It is the job of a promoter to to nurture his local scene through a well-planned blend of education, programming and event execution. It is easy sometimes to forget that booking a name and posting a flyer is not enough, especially when pushing the sound boundaries and taking risks by booking new acts that have never played in your city before. Education is a key element of a promoter’s job, and one that is often overlooked. Through social media it is now easy to establish oneself as an equal voice in the local underground dance music community, and to use that platform to introduce producers, DJs, record labels to your local scene. Working together with other promoters becomes a key way of growing a community within your city and area, and in building that spirit of camaraderie that has always been such an integral and pivotal element of successful nightlife event series since the old days at the Warehouse in Chicago or Paradise Garage in New York City.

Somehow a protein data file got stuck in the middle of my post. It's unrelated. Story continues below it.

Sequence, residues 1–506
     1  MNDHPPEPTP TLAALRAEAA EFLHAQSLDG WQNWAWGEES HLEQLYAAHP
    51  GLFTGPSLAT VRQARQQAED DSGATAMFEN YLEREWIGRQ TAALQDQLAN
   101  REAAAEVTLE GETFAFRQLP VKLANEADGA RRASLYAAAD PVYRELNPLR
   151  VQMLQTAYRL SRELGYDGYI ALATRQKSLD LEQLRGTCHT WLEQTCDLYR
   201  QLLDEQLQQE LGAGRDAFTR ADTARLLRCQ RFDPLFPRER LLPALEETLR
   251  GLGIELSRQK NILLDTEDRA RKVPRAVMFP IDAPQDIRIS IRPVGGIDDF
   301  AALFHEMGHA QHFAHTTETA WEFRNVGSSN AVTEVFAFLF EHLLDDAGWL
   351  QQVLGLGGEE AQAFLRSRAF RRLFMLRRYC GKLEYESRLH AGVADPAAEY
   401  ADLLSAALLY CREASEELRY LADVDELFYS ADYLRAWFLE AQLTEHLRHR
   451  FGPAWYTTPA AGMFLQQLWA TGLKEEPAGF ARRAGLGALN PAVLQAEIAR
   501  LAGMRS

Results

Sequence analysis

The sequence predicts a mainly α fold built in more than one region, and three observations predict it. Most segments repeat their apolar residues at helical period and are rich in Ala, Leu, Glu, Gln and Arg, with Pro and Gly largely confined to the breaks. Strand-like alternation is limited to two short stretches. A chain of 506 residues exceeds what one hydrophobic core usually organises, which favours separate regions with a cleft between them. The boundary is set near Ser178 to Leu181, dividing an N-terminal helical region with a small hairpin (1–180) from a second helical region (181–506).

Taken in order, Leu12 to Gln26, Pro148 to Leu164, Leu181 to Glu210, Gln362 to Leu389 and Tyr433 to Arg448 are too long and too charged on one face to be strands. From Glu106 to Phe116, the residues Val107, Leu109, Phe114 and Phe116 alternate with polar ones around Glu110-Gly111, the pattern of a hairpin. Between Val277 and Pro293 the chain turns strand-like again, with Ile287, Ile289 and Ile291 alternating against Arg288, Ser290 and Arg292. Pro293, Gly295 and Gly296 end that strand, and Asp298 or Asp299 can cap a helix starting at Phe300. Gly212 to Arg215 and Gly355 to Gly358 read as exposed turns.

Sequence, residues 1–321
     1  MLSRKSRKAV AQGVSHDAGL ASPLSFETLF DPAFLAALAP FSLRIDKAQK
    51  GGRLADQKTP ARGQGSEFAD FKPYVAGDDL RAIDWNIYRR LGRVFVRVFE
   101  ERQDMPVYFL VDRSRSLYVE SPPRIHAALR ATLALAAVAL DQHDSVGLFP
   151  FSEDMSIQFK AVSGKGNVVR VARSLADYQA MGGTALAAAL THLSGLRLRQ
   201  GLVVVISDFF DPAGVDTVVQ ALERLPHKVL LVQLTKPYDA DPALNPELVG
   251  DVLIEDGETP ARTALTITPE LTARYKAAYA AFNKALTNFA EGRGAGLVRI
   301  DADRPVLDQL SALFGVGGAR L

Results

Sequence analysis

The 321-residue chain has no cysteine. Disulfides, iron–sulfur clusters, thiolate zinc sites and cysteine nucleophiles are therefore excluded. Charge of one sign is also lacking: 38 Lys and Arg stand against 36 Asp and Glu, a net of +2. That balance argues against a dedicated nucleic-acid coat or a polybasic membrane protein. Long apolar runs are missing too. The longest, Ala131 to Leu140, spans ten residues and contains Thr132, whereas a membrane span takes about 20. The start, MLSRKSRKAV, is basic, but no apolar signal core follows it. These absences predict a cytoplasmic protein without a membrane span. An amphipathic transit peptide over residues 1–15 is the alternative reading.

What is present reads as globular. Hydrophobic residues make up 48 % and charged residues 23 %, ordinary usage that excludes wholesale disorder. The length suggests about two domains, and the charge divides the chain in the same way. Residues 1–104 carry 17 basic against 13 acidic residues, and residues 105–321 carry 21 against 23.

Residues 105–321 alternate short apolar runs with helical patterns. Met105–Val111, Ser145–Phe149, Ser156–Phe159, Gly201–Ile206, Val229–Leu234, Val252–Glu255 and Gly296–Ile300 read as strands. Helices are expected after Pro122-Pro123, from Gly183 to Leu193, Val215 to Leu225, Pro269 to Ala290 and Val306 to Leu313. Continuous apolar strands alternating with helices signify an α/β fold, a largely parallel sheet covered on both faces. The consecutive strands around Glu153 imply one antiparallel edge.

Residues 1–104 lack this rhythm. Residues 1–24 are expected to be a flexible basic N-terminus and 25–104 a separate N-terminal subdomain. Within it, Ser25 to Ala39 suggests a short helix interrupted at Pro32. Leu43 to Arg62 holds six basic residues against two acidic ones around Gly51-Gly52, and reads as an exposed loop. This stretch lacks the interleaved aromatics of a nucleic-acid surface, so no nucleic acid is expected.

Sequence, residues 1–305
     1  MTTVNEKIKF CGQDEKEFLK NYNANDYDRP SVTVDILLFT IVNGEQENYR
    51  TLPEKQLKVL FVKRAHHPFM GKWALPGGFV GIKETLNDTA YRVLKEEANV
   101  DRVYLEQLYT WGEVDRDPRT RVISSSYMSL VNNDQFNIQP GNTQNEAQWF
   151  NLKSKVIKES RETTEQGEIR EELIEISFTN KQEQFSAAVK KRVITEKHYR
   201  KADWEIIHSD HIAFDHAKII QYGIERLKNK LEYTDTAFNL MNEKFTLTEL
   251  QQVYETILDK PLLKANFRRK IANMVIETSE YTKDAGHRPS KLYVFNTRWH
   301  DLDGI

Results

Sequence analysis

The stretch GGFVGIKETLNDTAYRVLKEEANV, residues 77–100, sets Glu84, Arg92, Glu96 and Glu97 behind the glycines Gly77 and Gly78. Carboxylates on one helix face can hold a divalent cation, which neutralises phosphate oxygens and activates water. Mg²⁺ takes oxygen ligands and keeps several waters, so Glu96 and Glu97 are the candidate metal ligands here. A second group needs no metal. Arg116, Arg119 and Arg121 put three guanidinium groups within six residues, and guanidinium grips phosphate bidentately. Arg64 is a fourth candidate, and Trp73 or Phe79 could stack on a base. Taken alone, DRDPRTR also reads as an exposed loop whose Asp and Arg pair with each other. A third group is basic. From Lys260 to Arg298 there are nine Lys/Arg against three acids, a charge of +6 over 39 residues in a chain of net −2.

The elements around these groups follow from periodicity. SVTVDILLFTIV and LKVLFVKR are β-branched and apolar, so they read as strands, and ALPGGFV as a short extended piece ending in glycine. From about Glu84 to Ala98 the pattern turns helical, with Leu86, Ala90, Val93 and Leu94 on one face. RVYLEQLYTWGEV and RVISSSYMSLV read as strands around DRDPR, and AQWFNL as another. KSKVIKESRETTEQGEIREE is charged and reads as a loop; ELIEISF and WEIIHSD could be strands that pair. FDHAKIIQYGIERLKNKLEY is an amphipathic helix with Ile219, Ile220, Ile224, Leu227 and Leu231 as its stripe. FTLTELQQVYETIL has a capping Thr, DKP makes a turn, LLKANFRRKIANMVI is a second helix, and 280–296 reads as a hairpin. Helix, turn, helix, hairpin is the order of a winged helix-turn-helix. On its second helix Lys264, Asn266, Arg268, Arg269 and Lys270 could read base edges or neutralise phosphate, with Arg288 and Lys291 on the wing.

Working together with other promoters means doubling up your exposure. It means building and nurturing the scene together, rather than working against one another for a smaller slice of the pie. It ultimately means bringing techno and house to more ears than you could if you always worked alone. And while there may be times where collaborations aren’t necessary, or times when you will be holding events on the same night as an outfit you previously worked with, if the concerted collaborative effort is present the rest of the time, there will be a bigger pool of event attendees from which to draw from.